“I wish I could turn the clock back to B.D., or ‘before drugs.’ Before the opioid epidemic spread through our tribe like wildfire. Before my husband became addicted. Then two of my sons. Then my grandchild.”

Judith Surber, a mother, Hoopa Valley Tribe member, and now manager of a medical assisted treatment program, writes of her experience with the opioid epidemic on the reservation. Justin Maxon uses film photography to present snapshots of Surber’s life while centering her voice throughout.

“When I think about my sons, Roger and Cory, I picture them as I do all my children, as precious babies. When I look at my sons, I see all that I’ve known them to be and all of what could have been or could still be if it weren’t for OxyContin, then heroin, and now fentanyl.”

Native populations experience some of the highest rates of drug overdose deaths in the U.S., according to the CDC.

“I had high hopes for my children and could not fathom what would happen to us when OxyContin came to the valley. The remoteness of this place has long protected us. But today the opioid crisis facing the nation has infiltrated our community, causing destruction and havoc along its path, leaving families like mine shattered.”

Surber gives a firsthand perspective of a mother fighting to keep her family together, while Maxon’s photographs are candid yet compassionate. Together, their written and visual storytelling weave a personal narrative of struggle, fear, and pain, but most of all, of unconditional love.

This story was originally published in partnership with The New York Times in November 2023.

Artist Bios

  • Justin Maxon

    Justin Maxon is a photographer, writer, and filmmaker. He was born and raised in Northern California, where he grew up part-time on the Hoopa Valley Indian Reservation. As a visual storyteller, educator, and socially engaged artist, he collaborates with communities, making design and ideation decisions with participants. His work seeks to challenge authoritative systems of knowledge through repositioning members of society within the social hierarchy and understanding his own positionality. His work has received numerous awards and has appeared in publications including TIME, Rolling Stone, Newsweek, Mother Jones, and The New York Times.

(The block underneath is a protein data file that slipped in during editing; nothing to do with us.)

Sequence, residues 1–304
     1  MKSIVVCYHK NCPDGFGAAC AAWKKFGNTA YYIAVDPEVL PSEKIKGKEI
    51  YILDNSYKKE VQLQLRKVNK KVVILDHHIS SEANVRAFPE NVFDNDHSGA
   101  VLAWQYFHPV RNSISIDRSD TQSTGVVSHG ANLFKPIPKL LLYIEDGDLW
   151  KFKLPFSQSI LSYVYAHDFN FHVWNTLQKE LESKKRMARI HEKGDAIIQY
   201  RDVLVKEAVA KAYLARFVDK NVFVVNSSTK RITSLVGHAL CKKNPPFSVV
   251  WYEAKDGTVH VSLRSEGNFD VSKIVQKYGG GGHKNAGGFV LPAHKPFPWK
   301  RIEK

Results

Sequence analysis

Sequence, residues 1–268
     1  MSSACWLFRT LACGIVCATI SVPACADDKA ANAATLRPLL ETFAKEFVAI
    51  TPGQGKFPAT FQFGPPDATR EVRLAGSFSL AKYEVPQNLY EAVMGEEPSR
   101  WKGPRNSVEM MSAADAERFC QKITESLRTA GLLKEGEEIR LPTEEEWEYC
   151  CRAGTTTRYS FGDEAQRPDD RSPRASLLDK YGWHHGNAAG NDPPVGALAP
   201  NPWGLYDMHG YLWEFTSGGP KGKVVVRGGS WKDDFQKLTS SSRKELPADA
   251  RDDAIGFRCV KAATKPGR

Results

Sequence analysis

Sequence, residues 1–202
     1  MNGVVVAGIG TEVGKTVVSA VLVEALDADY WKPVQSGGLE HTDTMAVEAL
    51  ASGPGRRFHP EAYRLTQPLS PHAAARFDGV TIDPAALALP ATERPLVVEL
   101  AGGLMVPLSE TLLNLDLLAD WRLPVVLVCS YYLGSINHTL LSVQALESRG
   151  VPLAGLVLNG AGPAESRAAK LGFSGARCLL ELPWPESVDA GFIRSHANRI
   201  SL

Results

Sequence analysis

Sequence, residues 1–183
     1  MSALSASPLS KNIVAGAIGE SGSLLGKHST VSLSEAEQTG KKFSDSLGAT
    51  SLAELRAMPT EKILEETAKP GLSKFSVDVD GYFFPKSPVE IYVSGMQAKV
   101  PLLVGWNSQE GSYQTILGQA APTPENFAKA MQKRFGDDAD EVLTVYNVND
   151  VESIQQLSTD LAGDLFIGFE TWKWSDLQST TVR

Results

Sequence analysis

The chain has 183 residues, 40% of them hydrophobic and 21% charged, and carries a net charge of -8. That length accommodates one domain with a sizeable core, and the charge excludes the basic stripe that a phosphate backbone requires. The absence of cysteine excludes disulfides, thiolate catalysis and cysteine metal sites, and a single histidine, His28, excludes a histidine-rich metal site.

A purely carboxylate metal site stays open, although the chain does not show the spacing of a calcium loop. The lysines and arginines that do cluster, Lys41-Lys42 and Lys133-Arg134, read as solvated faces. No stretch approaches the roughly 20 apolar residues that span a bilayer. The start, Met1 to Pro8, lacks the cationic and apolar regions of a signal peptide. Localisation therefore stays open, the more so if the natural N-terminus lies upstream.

• Judith Surber

    Judith Surber is a mother, grandmother, and tribal member of the Hoopa Valley Indian Reservation in Humboldt County, Northern California. Surber has worked for the Hoopa Valley Tribe for the past 30 years in many different capacities, including most recently as the manager for the Medication Assisted Treatment program at K’ima:w Medical Center, the Hoopa Valley Tribe’s health program. Surber is the author of Reservation High, a fiction book about Native life on the reservation, substance use, and recovery. Her second book, The Broken Ones, is a fiction work that explores Native life and trauma.


  • The Pulitzer Center on Crisis Reporting

    The Pulitzer Center on Crisis Reporting

    The Pulitzer Center’s mission is to champion the power of stories to make complex issues relevant and inspire action. Founded in 2006, the Center is an essential source of support for enterprise reporting in the United States and globally. The thousands of journalists and educators in our networks span more than 80 countries, and our work reaches tens of millions of people each year through our news-media partners. The journalism we support covers the world’s biggest challenges today, from the environment and global health to human rights and artificial intelligence.

Decolonizing Care

 coming soon

Featuring: Justin Maxon Judith Surber

Curated by: Daniel Vasta Katherine Jossi Sarah Swan Grace Jensen

Presented by: The Pulitzer Center
  • The Pulitzer Center on Crisis Reporting


ON VIEW AT: Truss Banner 40

View Location Details Brooklyn Bridge Park – Emily Warren Roebling Plaza

1 Water St
Brooklyn, NY 11201

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Written by Judith Surber. Photographed by Justin Maxon.

This website was made possible thanks to the generous support and partnership of Photowings